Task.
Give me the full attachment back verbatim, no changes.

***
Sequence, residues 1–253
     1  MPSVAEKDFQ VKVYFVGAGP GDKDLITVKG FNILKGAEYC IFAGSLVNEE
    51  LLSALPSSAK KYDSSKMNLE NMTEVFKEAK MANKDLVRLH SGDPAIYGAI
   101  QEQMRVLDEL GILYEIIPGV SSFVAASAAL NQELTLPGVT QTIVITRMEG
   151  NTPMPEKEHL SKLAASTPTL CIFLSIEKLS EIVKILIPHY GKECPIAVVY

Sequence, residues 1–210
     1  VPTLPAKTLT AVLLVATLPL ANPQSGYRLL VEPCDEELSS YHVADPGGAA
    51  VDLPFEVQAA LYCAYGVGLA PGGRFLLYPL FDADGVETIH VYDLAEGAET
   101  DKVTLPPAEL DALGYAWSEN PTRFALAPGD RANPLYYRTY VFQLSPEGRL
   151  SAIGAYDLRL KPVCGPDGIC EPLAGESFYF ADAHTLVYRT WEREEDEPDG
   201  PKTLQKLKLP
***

Sequence, residues 1–253
     1  MPSVAEKDFQ VKVYFVGAGP GDKDLITVKG FNILKGAEYC IFAGSLVNEE
    51  LLSALPSSAK KYDSSKMNLE NMTEVFKEAK MANKDLVRLH SGDPAIYGAI
   101  QEQMRVLDEL GILYEIIPGV SSFVAASAAL NQELTLPGVT QTIVITRMEG
   151  NTPMPEKEHL SKLAASTPTL CIFLSIEKLS EIVKILIPHY GKECPIAVVY

Sequence, residues 1–210
     1  VPTLPAKTLT AVLLVATLPL ANPQSGYRLL VEPCDEELSS YHVADPGGAA
    51  VDLPFEVQAA LYCAYGVGLA PGGRFLLYPL FDADGVETIH VYDLAEGAET
   101  DKVTLPPAEL DALGYAWSEN PTRFALAPGD RANPLYYRTY VFQLSPEGRL
   151  SAIGAYDLRL KPVCGPDGIC EPLAGESFYF ADAHTLVYRT WEREEDEPDG
   201  PKTLQKLKLP